NIST's ultra-stable ytterbium lattice atomic clock.
NIST's ultra-stable ytterbium lattice atomic clock. Courtesy Photo

Best Places in Boulder for Science Enthusiasts to Geek Out On


Boulder isn’t just brawny, with all its bike paths, Crossfit studios and Spandex-clad cyclists clopping around downtown. This college town is also brainy, thanks in part to the presence of the University of Colorado, federal labs and the entrepreneurs and artists who call this place home.

And Boulder wears its geek badge with pride. If you’re visiting, you’ll find plenty of landmarks, museums and other spots that will delight your inner nerd.

Here are the best places around town for science enthusiasts.

See the Atomic Clock at NIST

Boulder, Colorado, is the official timekeeper for the United States. A federal lab in Boulder bestows a high-tech, cesium fountain atomic clock known as NIST-F1, which is among the most accurate clocks in the world. Physicists say it shouldn’t gain or lose a second in more than 100 million years. Watches, computer clocks and other devices are often linked to the atomic clock and the NIST “official time” is disseminated to devices several billion times each day. It’s also used as the official timestamp for financial transactions.

Unfortunately, the National Institutes of Standards and Technology (or NIST) no longer offers widespread public tours, citing security reasons. However, the federal lab does offer a limited number of guided tours for high school and college students, with priority given to those who have an educational interest in science and engineering. An important note: These tours typically need to be set up at least a month in advance. Here’s how to inquire about a tour.

The NIST lab is located at 325 Broadway in Boulder.

CU in Space
At the CU Heritage Museum the “CU in Space” exhibit. Courtesy Photo.

Learn About CU’s Connections to Space at the Heritage Center

The University of Colorado has some entrepreneurial alumni. Among them? Spencer Silver, who is credited with developing the sticky adhesive used in Post-it notes. (Sorry to steal the spotlight from Lisa Kudrow’s character, who fibs that she invented Post-its while trying to make a name for herself in “Romey and Michele’s High School Reunion.”)

You can learn about the famed and obscure alumni at the University of Colorado’s Heritage Center. Housed on the third floor of the Old Main building on CU’s campus, the Heritage Center is operated by the CU Alumni Association. Here, you can learn more about famous alumni, such as Thomas Hornbein, who designed the breathing mask that made climbing at high altitudes possible and Theodore Maiman, who developed the first laser.

A special “CU in Space” exhibit pays tribute to the university’s NASA connections. Since the late 1940s, NASA spacecraft have launched hundreds of CU-Boulder instruments into space. On top of that, 20 astronauts with university ties have gone on a total of 52 space missions. Military academies excluded, CU is in the top five U.S. schools with astronaut alums. Some of the must-sees in this museum include artifacts that accompany alumni Ellison Onizuka aboard Challenger in January 1986 and were recovered from the wreckage and a moon rock collected by Apollo 15 astronauts. Admission is free. The museum is open from 10 a.m. to 4 p.m. Monday through Saturday and closed on university holidays.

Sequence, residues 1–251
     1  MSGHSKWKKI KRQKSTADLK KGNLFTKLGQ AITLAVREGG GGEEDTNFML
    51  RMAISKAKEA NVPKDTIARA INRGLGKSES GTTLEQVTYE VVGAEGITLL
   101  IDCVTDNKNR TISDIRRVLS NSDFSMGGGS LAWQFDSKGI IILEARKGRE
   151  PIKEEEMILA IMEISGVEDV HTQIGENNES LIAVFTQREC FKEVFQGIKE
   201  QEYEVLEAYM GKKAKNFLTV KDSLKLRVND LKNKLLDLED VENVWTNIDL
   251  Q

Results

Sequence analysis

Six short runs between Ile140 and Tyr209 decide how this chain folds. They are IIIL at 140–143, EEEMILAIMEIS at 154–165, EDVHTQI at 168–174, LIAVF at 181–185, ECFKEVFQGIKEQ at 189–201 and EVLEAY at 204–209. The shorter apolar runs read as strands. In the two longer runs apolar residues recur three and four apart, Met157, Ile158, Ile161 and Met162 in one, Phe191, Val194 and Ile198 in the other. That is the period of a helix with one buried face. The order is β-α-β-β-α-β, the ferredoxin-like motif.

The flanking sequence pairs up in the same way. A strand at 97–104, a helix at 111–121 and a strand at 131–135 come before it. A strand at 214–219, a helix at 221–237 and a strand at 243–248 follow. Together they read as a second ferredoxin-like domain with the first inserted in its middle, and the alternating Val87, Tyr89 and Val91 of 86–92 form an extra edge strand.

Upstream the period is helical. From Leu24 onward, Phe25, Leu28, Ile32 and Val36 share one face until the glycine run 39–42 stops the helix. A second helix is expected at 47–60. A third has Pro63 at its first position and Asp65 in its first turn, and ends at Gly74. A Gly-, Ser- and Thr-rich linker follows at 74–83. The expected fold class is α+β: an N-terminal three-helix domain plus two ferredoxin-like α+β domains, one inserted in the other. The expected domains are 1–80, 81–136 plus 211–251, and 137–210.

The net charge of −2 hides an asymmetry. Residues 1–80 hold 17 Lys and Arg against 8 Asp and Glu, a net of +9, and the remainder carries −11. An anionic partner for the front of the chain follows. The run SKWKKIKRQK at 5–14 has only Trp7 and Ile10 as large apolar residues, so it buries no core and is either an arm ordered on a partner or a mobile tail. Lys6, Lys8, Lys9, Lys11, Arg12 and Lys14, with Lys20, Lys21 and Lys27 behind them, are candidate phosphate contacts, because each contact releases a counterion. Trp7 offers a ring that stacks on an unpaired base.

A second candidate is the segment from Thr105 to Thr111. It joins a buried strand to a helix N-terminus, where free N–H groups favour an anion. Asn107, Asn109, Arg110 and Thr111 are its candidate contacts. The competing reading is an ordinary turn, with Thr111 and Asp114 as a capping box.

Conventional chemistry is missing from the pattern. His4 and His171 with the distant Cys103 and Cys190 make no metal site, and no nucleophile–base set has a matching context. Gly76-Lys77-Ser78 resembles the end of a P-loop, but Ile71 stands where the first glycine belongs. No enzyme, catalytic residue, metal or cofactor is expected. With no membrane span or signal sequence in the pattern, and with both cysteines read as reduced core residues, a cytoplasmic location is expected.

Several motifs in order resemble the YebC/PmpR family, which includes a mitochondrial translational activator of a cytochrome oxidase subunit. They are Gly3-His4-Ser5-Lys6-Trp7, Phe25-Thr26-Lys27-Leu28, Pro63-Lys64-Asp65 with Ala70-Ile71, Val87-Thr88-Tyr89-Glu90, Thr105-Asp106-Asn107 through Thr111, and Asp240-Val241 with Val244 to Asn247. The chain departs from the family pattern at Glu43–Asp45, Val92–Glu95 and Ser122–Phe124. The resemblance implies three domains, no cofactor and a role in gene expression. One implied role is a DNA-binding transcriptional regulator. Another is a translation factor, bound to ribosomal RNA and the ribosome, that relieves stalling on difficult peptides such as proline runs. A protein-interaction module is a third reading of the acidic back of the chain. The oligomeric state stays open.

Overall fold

The Heritage Center is located on the CU-Boulder campus and you can find a campus map here. You can park at meters on University Avenue, just east of Broadway. 

Fiske Planetarium
Fiske Planetarium. Courtesy Photo

See Millions of Stars at Fiske Planetarium

The Fiske Planetarium is one of Boulder’s, well, stars. The planetarium offers all types of fun events including star talks, live talks from space experts, concerts, movies about space exploration and laser shows. It’s the place to be when there are major astronomical events. Fiske is home to the “MegaStar” projector that can show 10 million stars and the Milky Way, creating an expansive indoor sky that’s a sheer delight for stargazers. (By comparison, the naked eye can only spot about 6,000.) Also a bragging right for Boulder: the 65-foot diameter dome that covers Fiske is the largest between Chicago and Los Angeles. Next door at the Sommers-Bausch Observatory, you can enjoy free telescope viewings on Friday evenings, weather permitting. You can check out the Fiske Planetarium’s events calendar here.

Fiske Planetarium is located at 2414 Regent Drive, Boulder.


Get Up Close to Ice Age Tools at The Museum of Natural History at CU

At this museum, you can get a glimpse of more than 80 ancient stone tools, collectively known as the “Mahaffy Cache” that were found in a Boulder backyard back in 2008. The tools are more than 13,000 years old and were used toward the end of the Ice Age.

In all, this museum has five exhibition galleries where you can explore natural and human history. The collection spans ancient artifacts and fossils to modern-day research.

The artwork is also woven in throughout the museum, at exhibits such as “Cannabis: A Visual Perspective,” which presents botanical illustrations of cannabis in watercolor, colored pencil, print and mixed media. The Cannabis exhibit is at the museum through Jan. 28 and also highlights cannabis research that’s come out of CU.

The museum is open 9 a.m. to 5 p.m. Monday through Friday; 9 a.m. to 4 p.m. Saturday; 10 a.m. to 4 p.m. Sunday. It’s closed on university holidays. Admission is free.

The museum is located on the CU-Boulder campus in the Henderson Building at 15th and Broadway.

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